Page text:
More on Ken Starr and Baylor

I’m in 100% agreement with Matt when he writes

Well, some real Baptist(possibly) news came about today. Ken Starr was unanimously voted in as the President of Baylor University.

Bart Barber says it is a farce that Baylor, a Baptist University, didn’t even hire a Baptist. He does not say that he thinks Starr will be bad for Baylor, his beef is that Baylor went out and hired someone that is not a Baptist and then requires them to attend a Baptist church when he arrives in Waco. Barber’s thoughts are that if Baylor wants to hire a non-Baptist to be their president than don’t require him to go to a Baptist church when he gets there!

Wade Burleson has trouble comprehending what Barber is saying and then makes a statement that Southern Baptists are more concerned with being Southern Baptist than christian. This is nonsense because to be Southern Baptist does in fact require you to be a Christian first. It’s as if Burleson doesn’t understand why Southern Baptist think other Southern Baptists should hold to Southern Baptist values… Let’s not tell paedobaptists they can’t join the SBC either.

All in all, I sympathize with Barber… I wouldn’t want my Baptist alma mater to go hire a president that wasn’t even a Baptist and then proceed to make him become a Baptist.. Its not that Southern Baptists think Baptist distinctives are salvation issues, but we are Southern Baptists for a reason.

Exactly!

10 thoughts on “More on Ken Starr and Baylor

  1. irishanglican 16 Feb 2010 at 2:20 pm

    Help me here, if being a Southern Baptist (believers baptism) means you are a Christian, then what are some of the “quote” Baptist distinctives, that would exclude Star? What is Star, but a Christian from some other “denomination”?

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    • Jim 16 Feb 2010 at 2:51 pm

      there are several things about baptists that are distinctive. hiring a person from another denomination as president of one of our university’s making us unhappy is just one of them.

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  2. irishanglican 16 Feb 2010 at 2:24 pm

    C.H. Dodd was the first non-Anglican to chair theology at Oxford, and that was in the 1930’s I think? Dodd was a Congregationalist.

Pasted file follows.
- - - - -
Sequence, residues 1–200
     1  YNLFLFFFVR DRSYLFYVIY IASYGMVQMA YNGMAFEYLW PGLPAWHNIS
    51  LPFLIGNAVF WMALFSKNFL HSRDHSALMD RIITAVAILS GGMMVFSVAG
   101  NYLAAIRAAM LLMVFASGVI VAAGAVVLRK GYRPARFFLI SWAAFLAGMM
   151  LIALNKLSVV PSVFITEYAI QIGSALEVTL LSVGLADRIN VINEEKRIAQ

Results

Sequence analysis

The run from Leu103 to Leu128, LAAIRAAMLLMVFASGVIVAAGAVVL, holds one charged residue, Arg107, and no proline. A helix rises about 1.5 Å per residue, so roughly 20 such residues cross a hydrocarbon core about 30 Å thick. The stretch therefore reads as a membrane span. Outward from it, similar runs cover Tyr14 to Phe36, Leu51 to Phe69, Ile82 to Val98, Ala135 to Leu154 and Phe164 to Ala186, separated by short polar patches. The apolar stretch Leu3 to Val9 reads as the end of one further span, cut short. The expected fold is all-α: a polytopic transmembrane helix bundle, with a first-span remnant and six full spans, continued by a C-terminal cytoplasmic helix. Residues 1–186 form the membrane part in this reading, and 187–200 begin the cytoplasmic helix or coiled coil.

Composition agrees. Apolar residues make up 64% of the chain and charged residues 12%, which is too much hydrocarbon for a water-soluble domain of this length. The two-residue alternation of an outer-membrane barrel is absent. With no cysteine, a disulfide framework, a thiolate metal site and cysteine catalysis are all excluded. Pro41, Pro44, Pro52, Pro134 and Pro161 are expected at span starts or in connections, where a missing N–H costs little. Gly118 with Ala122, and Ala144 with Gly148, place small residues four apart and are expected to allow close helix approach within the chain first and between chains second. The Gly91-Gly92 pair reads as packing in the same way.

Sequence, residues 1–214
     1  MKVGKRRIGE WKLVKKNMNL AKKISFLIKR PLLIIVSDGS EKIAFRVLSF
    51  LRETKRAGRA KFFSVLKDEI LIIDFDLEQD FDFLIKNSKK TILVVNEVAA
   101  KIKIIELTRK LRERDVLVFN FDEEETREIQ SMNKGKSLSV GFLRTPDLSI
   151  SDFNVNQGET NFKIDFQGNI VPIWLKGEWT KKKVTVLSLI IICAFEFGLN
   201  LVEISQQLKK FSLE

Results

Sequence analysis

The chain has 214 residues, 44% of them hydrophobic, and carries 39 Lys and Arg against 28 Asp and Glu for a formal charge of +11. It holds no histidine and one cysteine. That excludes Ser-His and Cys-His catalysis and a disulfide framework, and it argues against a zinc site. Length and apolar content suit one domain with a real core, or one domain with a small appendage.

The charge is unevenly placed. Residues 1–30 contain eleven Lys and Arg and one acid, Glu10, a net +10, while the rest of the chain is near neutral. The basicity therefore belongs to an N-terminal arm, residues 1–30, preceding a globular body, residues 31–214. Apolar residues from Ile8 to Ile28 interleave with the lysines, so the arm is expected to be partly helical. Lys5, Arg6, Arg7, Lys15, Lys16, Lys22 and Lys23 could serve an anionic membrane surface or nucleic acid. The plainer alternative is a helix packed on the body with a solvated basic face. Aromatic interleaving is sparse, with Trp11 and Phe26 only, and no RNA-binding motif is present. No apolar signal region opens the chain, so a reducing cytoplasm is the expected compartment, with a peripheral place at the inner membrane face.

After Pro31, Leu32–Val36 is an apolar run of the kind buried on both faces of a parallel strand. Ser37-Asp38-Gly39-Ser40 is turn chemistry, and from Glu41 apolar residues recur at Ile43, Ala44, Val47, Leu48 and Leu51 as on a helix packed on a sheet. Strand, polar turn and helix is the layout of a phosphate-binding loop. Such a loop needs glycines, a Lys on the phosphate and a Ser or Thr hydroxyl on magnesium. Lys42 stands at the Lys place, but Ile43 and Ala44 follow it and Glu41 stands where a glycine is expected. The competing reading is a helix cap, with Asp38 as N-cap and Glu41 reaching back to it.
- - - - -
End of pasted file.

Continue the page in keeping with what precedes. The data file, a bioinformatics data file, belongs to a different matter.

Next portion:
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  3. irishanglican 16 Feb 2010 at 2:28 pm

    For Dodd, that was Cambridge and emeritus 1949.

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  4. irishanglican 16 Feb 2010 at 2:58 pm

    Maybe its time to get over stuff like this, and let each man/women, i.e. the character, and let’s hope their Christian character speak for itself! Not to offend, but challenge all of us as members of the One Body of Christ!

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    • Jim 16 Feb 2010 at 3:03 pm

      i disagree. denominations serve an important function. distinctives and distinctions matter.

      imagine going into baskin-robbins for ice cream and only finding there coconut flavorerd. Blah!!!!

      denominations serve a very important function as they allow people who like different tastes to participate in a community of faith with people who share similar tastes.

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  5. irishanglican 16 Feb 2010 at 3:05 pm

    Oxford for example, has many Colleges that are of different Christian Communions, but still within the Oxford collegial Collegiate, etc.

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  6. irishanglican 16 Feb 2010 at 3:14 pm

    Well within Anglicanism, you have High Church, Low Church, broad or liberal, conservative Evangelicals, Anglo-Catholics.. and now it seems a Roman Catholic rite also. Now there are some different tastes for you! But, I understand your thought, because I really feel the same way. But sometimes I feel I must challenge my own “tastes”. But yes, I would rather be the one to decide also, and not have it rammed down my throat.

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  7. bobcargill 16 Feb 2010 at 6:16 pm

    keep in mind that ken starr is church of christ (hence the pepperdine connection). cofc folk are cousins of baptists, the difference being that you all use instrumental music sometimes and we pretend to not be a denomination. 😉

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    • Jim 16 Feb 2010 at 6:20 pm

      we pretend to be a denomination sometimes! 😉
      as to the music thing. well, truth told, some of the churches i’ve visited would do well to abandon music altogether.

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